Born in 1978, Parag Tandel is a Mumbai-based artist with a degree in Creative Sculpture from MS University, Baroda (2005). Tandel’s solo exhibitions include ‘Pregnant Room 1’ (2008) and Pregnant Room 2’ (2010), both showcased at Pundole Art Gallery, Mumbai. He has also been part of various group shows across India including ‘Baroda March’ (2015), Mumbai; ‘Small is Big’ (2013), Durbar Hall, Kochi; ‘Earth Art Project Tansa’ (2013), Arka Art Trust, Mumbai; Upvan Art Festival (2013), Thane; ‘Small is Beautiful’ (2012), Tao Art Gallery, Mumbai; ‘The Art of Drawing’ (2011), The Guild, Mumbai; ‘TAKE 2’ (2011), Aarushi Arts, Delhi; ‘Untitled 2010’ (2010), Artkonsult, Delhi; and ‘AvaGard’ (2009), Threshold Art Gallery, Delhi among others.
Some of his public art projects include ‘Geographies of consumptions’ (2015), Mumbai; ‘Big Catch’ (2012), Kala Ghoda Arts Festival, Mumbai; and ‘Sandarbh’ (2011), Rajasthan. Tandel has been a recipient of the Jhunjhunwala Scholarship Award (2003); Maharashtra State Art Award (2003); and All India Art and Craft Society State Award (2003). Additionally, he has participated in residencies at Space 118 (2015), Mumbai and in Partapur, Rajasthan. He currently lives and works in Thane, Mumbai.
11 Aug 2016 - 10 Sep 2016
The team at TARQ is excited to present Parag Tandel’s third solo exhibition “Chronicle.” In his first solo exhibition at the gallery, Tandel showcases a series of sculptures cast in resin that represent shapes and colours from memories of his childhood. The change in the seascape in Mumbai over the passage of time is essential to the artist’s life and practice, as a member of one of Mumbai’s original communities, the Koli community.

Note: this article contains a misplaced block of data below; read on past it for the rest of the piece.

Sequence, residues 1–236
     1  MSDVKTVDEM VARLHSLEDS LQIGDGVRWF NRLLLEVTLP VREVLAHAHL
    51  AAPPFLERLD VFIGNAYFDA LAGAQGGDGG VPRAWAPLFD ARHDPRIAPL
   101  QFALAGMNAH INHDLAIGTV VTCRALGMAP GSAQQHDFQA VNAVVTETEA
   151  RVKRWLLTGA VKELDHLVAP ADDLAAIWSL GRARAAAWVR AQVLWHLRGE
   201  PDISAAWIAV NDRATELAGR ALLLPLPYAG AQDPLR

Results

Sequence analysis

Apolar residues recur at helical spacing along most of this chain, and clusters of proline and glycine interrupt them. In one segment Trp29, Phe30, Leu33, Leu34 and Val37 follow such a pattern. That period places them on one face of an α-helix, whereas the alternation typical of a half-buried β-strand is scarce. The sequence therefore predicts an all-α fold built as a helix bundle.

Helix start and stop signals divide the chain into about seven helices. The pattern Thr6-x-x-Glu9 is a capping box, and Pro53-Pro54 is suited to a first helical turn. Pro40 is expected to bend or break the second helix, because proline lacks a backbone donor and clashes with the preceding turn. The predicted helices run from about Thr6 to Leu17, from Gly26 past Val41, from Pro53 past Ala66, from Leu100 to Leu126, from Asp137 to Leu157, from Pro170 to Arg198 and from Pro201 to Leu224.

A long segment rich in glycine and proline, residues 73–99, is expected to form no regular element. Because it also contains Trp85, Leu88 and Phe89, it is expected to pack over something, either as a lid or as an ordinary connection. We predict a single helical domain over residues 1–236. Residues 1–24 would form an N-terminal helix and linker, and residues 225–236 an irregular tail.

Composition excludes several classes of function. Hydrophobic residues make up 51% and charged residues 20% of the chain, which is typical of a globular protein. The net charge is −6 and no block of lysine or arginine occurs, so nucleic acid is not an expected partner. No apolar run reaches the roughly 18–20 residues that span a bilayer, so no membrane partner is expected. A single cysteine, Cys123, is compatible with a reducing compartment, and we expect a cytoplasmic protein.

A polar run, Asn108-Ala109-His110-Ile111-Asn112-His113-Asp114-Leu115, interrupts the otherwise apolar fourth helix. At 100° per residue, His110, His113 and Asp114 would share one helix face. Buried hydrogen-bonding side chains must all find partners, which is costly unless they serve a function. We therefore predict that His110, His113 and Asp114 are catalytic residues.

His works in this show focus on ideas of ecology and migration through the vivid imagery of the creatures of the sea, both real and imagined. The sculptures invoke a mystical, almost mythical representation of underwater life, and engage the viewer in thought about how these changes may affect our immediate future. By using fantastical colours from his early experience, Tandel invites us to understand exactly what it is that we are doing to our planet every day.
According to Tandel, the materials and forms of everyday symbols he grew up with for the most part, manifest in his work. He says, “My work stems from the idea of using found objects, to reuse them, and then construct fresh entities. I inquire into the history as well as contemporary times of my community. I have grown up listening to chronicles of the past, which, for me, are almost fable-like and imaginative; I sense after years these fables are beginning to mount into myth, they are transforming into layers similar to the residue structures in our minds.”